The United States is re-emphasizing a reward program of up to $5 million per person to get information about 13 Rwandan genocide suspects still believed to be in the eastern part of the Democratic Republic of Congo (DRC). This comes as the U.N. peacekeeping mission says it is trying to be more forceful in pushing the Rwandan fighters out of Congo. VOA's Nico Colombant has more from our regional bureau in Dakar.
U.S. ambassador to the DRC, William Garvelink gave VOA details of the reward program.
"The 13 names are individuals who were indicted by the tribunal [for] Rwanda so these 13 people have been charged by the tribunal with war crimes or genocide," he said.
The court based in Tanzania is trying those believed to be the most responsible for the 1994 killing spree in Rwanda, mostly by ethnic-Hutu extremists.
U.S. officials have said posters, pamphlets and a 24-hour telephone hotline are being used to push the reward program, as the Tanzania court may wrap up this year.
Ambassador Garvelink says he does not believe the push interferes with U.N. and Congolese efforts to disarm, demobilize and repatriate former Rwandan fighters.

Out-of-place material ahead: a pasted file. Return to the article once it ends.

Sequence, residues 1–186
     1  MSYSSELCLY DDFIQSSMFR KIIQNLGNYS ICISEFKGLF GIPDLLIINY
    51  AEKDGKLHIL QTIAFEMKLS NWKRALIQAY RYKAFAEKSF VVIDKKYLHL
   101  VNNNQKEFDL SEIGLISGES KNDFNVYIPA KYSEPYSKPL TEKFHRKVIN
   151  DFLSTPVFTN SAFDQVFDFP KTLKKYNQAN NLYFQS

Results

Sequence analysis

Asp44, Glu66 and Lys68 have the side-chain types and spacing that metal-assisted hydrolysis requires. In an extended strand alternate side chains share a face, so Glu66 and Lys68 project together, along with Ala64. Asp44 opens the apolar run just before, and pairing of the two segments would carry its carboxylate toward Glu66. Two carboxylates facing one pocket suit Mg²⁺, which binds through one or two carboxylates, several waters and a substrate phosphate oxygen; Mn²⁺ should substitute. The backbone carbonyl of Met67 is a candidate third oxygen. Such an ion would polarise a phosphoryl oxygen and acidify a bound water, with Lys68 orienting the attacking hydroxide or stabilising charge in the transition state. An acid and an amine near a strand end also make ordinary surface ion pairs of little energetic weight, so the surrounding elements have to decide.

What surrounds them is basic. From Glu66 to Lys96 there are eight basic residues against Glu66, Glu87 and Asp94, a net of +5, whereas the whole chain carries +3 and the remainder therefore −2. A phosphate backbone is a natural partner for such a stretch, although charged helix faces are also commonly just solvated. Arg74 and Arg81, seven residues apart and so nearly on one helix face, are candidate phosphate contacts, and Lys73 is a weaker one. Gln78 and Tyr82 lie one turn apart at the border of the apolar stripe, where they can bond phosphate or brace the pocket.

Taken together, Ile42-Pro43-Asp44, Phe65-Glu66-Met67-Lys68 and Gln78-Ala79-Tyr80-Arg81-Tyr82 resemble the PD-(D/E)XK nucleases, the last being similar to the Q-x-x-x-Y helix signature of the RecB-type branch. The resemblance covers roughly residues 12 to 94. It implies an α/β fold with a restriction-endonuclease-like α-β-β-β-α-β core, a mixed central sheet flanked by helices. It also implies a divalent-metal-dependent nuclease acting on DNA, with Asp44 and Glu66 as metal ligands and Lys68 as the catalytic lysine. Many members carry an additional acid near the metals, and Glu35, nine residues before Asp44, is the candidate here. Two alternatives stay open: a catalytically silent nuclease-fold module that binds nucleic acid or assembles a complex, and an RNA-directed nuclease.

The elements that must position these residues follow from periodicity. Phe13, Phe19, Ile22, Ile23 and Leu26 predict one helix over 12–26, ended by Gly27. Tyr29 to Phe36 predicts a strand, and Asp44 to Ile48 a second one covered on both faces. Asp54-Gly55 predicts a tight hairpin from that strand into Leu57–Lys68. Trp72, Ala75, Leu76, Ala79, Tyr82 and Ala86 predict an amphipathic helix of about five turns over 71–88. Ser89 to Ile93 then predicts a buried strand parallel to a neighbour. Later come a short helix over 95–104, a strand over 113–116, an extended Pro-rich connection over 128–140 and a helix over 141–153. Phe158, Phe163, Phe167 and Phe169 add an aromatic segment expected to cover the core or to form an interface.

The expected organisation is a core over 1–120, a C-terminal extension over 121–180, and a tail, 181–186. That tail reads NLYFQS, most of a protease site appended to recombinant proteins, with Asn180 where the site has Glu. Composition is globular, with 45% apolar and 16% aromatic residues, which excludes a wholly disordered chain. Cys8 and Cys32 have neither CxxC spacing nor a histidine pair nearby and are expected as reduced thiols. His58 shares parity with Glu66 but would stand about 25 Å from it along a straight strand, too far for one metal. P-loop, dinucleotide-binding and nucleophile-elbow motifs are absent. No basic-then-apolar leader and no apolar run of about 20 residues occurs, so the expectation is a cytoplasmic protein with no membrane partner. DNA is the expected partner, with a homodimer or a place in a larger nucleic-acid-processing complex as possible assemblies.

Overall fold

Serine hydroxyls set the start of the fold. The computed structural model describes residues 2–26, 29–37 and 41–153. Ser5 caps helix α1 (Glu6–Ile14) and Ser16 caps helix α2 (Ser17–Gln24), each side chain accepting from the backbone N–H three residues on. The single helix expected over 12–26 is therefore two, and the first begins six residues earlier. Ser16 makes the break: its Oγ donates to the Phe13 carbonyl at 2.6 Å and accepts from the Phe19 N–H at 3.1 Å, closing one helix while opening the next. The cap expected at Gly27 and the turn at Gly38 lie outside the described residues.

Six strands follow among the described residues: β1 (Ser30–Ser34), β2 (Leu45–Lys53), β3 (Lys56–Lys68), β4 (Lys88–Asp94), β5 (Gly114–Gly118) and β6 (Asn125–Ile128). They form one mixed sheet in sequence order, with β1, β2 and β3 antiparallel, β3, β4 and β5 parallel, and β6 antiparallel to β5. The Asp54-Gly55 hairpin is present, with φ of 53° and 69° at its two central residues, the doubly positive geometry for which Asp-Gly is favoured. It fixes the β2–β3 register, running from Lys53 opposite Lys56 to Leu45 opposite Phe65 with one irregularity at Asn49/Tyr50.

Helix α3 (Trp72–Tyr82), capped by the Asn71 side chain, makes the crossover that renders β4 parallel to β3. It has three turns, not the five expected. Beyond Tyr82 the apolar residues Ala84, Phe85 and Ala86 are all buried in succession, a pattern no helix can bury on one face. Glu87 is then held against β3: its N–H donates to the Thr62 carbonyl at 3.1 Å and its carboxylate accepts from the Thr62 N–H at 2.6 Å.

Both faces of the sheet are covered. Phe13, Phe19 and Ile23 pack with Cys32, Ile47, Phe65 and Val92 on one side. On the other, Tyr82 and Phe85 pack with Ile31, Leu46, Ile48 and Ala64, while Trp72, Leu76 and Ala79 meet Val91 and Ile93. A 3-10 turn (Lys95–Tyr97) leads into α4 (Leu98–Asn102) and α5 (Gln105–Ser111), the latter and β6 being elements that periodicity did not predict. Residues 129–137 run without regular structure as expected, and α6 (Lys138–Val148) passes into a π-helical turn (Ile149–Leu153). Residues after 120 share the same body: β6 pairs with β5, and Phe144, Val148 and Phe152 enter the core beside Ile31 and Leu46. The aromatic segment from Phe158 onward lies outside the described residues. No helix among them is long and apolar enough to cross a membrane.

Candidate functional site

These continue to perpetrate violence, including a recent attack on a displaced people's camp in North Kivu, which the United Nations says killed four civilians.
"This program complements the other efforts," he added. "We are trying to use all our resources to either bring to justice or relocate individuals who are destabilizing the area. These folks who have been charged by the criminal court always pose a bit of a difficulty between Rwanda and the Congo."
During Congo's 1998-2003 war, Rwandan ethnic Hutu fighters fought alongside Congo's military against Rwandan-backed rebels who controlled parts of mineral rich eastern DRC.
Congo's Defense Minister Chikez Diemu says it is time they go home.
He says Congo had over 5 million dead from its war, and that it is enough.
Diemu says Congo's government is cooperating fully with international efforts, and that three fighters were recently turned over by Congolese forces to the court in Tanzania.
But a laying-down-of-weapons ceremony attended by a breakaway faction of former Interahamwe militia in the Congolese city of Kisangani last month was described as a sham by the main Democratic Forces for the Liberation of Rwanda.
The head of the U.N peacekeeping mission Alan Doss said the process had to start somewhere. During a recent visit by a U.N. Security Council delegation, he appealed for new military equipment like unmanned drones, saying his forces were under-equipped to confront the Rwandan fighters.
He said the Rwandan fighters presence is preventing peace in the Congo. Different militia groups are also active in the region, some of them still allied to the Rwandans, while ethnic-Tutsi general Laurent Nkunda leads an ongoing insurgency against those groups.